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Holiday healthcare heroes: ‘A lot of people don’t really understand what we can do to help them’

ECCH occupational therapist Lucy Turner (left) and student occupational therapist Emma McVicar with their information stand at Beccles Hospital
. Photo: ECCH

ECCH occupational therapist Lucy Turner (left) and student occupational therapist Emma McVicar with their information stand at Beccles Hospital . Photo: ECCH

ECCH

Throughout advent, we’re highlighting those who work hard throughout the year - and at Christmas - to keep Norfolk and Waveney’s health service ticking over.

This countdown of those we count on will focus on a different person or individual every day up until Christmas, celebrating our healthcare heroes.

Lucy Turner, occupational therapist

Lucy Turner, an occupational therapist with East Coast Community Healthcare, says she loves helping people to “live their lives their way”.

She and her colleagues use their specialist skills to assess a patient’s physical, psychological and social functions before introducing a programme of activity designed to improve their health and quality of daily life. They can provide equipment to make people’s lives easier at home and they offer advice to carers and families.

As well as working in the community, at ECCH occupational therapists work as part of many services including falls prevention, neurology, rheumatology, chronic fatigue, Beccles Hospital and the out of hospital teams in Great Yarmouth and Lowestoft. Only last month a new early intervention vehicle was launched in Great Yarmouth which will see ECCH’s occupational therapists and physiotherapists working alongside an emergency medical technician from the East of England Ambulance Service NHS Trust to respond to people who have suffered falls and help them recover in the comfort of their own home.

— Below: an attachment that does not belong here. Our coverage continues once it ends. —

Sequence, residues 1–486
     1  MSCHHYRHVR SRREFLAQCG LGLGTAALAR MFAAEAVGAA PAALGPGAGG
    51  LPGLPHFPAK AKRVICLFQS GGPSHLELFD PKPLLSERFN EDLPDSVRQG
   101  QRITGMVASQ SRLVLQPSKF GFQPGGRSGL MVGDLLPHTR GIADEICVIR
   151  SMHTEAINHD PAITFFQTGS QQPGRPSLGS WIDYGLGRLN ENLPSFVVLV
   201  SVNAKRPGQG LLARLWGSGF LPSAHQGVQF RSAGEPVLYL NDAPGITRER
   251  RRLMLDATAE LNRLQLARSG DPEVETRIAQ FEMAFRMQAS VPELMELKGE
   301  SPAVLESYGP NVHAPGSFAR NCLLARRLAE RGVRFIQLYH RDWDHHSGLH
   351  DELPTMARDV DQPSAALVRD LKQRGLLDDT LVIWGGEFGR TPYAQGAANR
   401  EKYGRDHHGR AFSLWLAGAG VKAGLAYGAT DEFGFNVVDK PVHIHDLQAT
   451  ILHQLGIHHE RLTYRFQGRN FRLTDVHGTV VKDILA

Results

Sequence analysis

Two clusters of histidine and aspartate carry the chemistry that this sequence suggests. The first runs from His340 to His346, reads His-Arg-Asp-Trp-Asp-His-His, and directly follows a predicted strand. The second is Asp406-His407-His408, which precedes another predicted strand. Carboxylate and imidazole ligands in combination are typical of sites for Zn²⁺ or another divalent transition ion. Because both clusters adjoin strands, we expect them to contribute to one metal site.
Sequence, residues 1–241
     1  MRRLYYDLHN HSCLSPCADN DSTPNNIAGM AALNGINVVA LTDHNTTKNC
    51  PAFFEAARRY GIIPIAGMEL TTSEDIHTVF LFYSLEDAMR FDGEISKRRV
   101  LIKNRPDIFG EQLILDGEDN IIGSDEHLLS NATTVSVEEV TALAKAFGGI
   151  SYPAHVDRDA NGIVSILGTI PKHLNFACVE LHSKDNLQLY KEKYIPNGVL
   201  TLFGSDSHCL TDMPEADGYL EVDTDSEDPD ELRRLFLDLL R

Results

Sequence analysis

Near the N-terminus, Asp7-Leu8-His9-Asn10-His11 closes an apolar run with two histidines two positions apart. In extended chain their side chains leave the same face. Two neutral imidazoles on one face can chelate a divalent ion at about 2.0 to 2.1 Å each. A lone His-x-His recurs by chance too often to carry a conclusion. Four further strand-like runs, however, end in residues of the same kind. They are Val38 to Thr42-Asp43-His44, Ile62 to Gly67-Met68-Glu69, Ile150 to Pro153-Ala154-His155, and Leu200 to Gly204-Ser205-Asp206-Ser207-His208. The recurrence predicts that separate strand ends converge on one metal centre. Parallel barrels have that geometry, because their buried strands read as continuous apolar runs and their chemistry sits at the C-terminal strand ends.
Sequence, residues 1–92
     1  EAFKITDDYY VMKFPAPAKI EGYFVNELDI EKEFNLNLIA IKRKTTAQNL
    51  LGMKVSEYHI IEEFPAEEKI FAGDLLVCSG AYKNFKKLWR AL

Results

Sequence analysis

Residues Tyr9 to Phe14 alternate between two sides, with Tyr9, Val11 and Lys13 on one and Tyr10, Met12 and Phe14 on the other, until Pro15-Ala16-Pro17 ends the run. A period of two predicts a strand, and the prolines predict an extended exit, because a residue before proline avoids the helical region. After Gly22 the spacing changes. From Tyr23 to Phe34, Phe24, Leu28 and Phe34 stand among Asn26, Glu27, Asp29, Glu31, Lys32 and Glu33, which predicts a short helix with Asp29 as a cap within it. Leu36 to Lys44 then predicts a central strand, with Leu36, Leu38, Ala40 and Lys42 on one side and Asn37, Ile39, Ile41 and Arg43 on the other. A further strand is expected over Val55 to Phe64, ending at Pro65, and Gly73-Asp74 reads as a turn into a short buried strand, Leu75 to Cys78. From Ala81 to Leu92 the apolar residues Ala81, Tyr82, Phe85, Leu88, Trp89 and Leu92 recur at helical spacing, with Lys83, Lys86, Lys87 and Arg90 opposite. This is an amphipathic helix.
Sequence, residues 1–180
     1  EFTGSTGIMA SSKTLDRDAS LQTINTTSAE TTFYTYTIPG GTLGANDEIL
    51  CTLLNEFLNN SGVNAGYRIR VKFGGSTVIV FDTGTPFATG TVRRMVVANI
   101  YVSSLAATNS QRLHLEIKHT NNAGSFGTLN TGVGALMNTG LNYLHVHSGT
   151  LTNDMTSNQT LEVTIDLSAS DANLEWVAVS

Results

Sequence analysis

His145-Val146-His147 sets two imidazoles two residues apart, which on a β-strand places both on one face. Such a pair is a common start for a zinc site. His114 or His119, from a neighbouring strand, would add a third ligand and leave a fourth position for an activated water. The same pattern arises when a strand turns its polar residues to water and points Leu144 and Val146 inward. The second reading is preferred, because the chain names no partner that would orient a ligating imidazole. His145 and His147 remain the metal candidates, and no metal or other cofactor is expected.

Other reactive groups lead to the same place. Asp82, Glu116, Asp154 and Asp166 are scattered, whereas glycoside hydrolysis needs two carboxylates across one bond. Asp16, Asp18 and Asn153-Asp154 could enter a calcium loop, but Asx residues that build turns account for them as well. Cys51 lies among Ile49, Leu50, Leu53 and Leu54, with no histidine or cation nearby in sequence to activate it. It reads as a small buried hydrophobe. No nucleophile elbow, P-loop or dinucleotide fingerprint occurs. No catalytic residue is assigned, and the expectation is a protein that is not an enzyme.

Lucy said: “What I love about my job is that we can help people to maintain their independence. We promote recovery by focussing on the daily activities patients need to achieve to maintain their independence of mind, body and spirit so they can live their lives their way.”

Lucy set up a stall at Beccles Hospital during national Occupational Therapy Week 2017 to raise awareness of the role and enable people to ask questions and seek advice.

She said: “A lot of people don’t really understand what we can do to help them or their loved ones. We have a very wide variety of experience, knowledge and skill within our department and we also work very closely with our physiotherapy service to combine our knowledge and expertise to benefit patients. With an aging population who often feel socially isolated and may be living with long term conditions we play an increasingly key role in promoting independent living.”

• To read about other holiday health heroes, click on a door on the advent calendar above.

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